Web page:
[775]: Inside Out by Demi Moore

Demi Moore didn’t pull any punches in her memoir. When she decided to excise her demons, there wasn’t enough holy water left in the world to douse all the bad jujus she unleashed. The book in itself is not a big volume by any standards. At less than 300 pages, she was able to convey a highly emotional, painfully honest confession about her life, loves, failures, addictions, and perseverance.

She was a teen from New Mexico, constantly embroiled in her parents’ dysfunctional relationship. Abusive at times, toxic even. It was painfully clear that she would either follow in her parents’ drugs and alcohol addled footsteps, or she could choose a different path. And while those demons won out for a time, she somehow always found a way out. She was determined to be better. Determined to not make the same mistakes. But fame, money, and freedom always comes at a cost.

Her romantic relationships always start off ideal in their own ways. But what was common was there was always an age gap. Her first real relationship was with a man 12 years her senior (he was 28, she — 16). Her mother sold her for $500 to a man old enough to be her father. But before that, she had her first sexual intercourse with a neighbor with whom she thought was her friend. He was 23, she was 15.

And for a time it may seem like she’s always chasing safety and security that her parents never afforded her. Then she met Bruce Willis with whom she would have 3 daughters. Though it was at the period of her life when she found success in her career, juggling marriage, motherhood, and having a career would prove to be difficult. It was also during those times when she would put more pressure on herself to look a certain way. Punishing her body to levels of exhaustion and hunger. But still she wasn’t satisfied. Even if she was one of the most beautiful people in the world — and still.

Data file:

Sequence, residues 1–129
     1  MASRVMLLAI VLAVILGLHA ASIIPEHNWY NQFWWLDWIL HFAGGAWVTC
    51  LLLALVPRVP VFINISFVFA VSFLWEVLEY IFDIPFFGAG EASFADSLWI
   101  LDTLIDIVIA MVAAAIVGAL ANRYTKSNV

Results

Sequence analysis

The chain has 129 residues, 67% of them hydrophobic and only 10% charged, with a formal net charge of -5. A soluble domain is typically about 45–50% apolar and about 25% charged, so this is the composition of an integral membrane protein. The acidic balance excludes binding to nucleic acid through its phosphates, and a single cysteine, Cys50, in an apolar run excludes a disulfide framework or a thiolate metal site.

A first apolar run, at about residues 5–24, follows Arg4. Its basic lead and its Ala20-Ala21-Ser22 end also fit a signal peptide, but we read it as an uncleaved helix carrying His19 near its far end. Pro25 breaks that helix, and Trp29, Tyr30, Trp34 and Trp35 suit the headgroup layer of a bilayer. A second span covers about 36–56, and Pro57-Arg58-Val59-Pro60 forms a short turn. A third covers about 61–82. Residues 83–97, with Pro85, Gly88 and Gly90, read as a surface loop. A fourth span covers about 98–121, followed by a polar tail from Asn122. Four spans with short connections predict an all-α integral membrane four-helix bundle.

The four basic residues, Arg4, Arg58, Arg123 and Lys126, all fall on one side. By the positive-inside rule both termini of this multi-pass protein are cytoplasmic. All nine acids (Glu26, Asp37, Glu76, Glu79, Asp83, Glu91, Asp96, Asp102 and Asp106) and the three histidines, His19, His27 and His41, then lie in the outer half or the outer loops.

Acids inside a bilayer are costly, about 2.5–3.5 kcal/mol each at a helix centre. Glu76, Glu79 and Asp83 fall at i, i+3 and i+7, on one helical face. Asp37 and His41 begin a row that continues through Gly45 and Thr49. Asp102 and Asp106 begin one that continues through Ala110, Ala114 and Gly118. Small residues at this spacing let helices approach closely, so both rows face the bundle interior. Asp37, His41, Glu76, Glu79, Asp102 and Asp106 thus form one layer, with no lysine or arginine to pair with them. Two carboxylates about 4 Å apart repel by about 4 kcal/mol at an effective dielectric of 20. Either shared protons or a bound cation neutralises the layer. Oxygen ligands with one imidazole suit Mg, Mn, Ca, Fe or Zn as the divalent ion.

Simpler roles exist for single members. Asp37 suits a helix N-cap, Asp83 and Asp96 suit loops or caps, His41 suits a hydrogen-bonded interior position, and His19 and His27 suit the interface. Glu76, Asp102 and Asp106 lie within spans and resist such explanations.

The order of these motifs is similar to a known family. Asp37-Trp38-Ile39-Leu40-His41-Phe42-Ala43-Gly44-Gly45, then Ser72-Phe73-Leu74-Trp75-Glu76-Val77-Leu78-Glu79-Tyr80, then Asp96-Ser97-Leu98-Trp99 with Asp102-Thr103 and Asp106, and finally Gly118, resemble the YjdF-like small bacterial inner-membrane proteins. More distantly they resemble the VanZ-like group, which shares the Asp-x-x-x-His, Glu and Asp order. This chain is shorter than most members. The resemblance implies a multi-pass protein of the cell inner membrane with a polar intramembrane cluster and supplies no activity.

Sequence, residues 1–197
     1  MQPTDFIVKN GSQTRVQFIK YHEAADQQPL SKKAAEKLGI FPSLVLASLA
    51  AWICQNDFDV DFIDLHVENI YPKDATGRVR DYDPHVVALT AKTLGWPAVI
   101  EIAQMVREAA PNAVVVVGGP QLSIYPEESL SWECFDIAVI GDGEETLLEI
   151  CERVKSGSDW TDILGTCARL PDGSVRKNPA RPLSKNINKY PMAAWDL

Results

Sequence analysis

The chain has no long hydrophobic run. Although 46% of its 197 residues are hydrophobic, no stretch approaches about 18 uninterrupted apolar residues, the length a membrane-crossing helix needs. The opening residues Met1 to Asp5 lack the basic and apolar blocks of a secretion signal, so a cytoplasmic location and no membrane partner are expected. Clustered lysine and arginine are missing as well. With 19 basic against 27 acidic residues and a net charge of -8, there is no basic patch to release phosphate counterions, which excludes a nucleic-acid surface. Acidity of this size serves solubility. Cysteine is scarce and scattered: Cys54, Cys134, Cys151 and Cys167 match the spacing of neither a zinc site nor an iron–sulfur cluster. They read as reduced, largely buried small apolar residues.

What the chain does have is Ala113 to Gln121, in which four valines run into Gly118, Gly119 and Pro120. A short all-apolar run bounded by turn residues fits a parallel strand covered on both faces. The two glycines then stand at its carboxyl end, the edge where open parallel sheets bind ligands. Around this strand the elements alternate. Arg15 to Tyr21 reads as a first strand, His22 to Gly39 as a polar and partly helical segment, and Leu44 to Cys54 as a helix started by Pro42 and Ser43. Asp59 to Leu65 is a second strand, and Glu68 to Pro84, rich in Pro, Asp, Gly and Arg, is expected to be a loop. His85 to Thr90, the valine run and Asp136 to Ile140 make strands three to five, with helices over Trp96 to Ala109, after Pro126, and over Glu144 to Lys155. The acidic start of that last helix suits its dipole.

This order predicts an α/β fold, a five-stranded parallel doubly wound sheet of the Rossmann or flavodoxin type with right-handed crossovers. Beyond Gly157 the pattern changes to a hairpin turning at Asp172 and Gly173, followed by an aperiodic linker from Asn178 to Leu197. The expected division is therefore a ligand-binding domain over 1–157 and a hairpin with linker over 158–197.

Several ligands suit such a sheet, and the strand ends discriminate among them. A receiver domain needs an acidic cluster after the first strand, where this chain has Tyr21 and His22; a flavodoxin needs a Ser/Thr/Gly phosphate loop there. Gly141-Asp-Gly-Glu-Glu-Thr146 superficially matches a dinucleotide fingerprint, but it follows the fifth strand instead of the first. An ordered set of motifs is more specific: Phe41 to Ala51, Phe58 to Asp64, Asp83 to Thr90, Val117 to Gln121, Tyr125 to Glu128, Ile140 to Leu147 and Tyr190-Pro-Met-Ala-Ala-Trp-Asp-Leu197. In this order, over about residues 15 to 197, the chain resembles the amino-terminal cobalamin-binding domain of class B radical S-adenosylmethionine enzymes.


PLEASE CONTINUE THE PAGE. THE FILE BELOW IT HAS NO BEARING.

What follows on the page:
She was branded by the media as a diva, one who wanted to get paid more. In the meantime, she was only doing her part to bridge the gap of income inequality in Hollywood. Slowly, she became one of the highest paid actress of her time. But things at home was slowly unravelling. Her’s and Bruce’s split coincided with her mother passing — her mother, with whom she hasn’t spoken to in years. Ironically enough, she’s long decided she will never depend on a man for her happiness due in part because she’d seen what it did to her mother. Unfortunately, her determination to be independent from Bruce lent to their break up.

Then she met Ashton Kutcher — a young actor 15 years her junior. The attraction was instantaneous. He was sweet, loving, kind and very supportive of her career and her family. Subconsciously, she knew she would do anything for him. Until they crossed a line they couldn’t go back from. She tried to learn from her mistake during her marriage with Bruce but it was a one-way codependency that she didn’t know until it was too late.

The only way out is in.

Andy Warhol

The title of Demi’s memoir was taken from painting that Andy Warhol gave Demi personally. And I couldn’t agree more. I think we all need to confront our painful pasts before we could heal and love wholeheartedly. It’s too bad that for most of us, it sometimes takes a lifetime for that realization to come. But for Demi, I think confronting her past was her attempt to eradicate the stigma that has long followed her all her life; and that is that she doesn’t belong, and she doesn’t deserve her successes and her place as one of the most revered actresses in Hollywood, if not the world.

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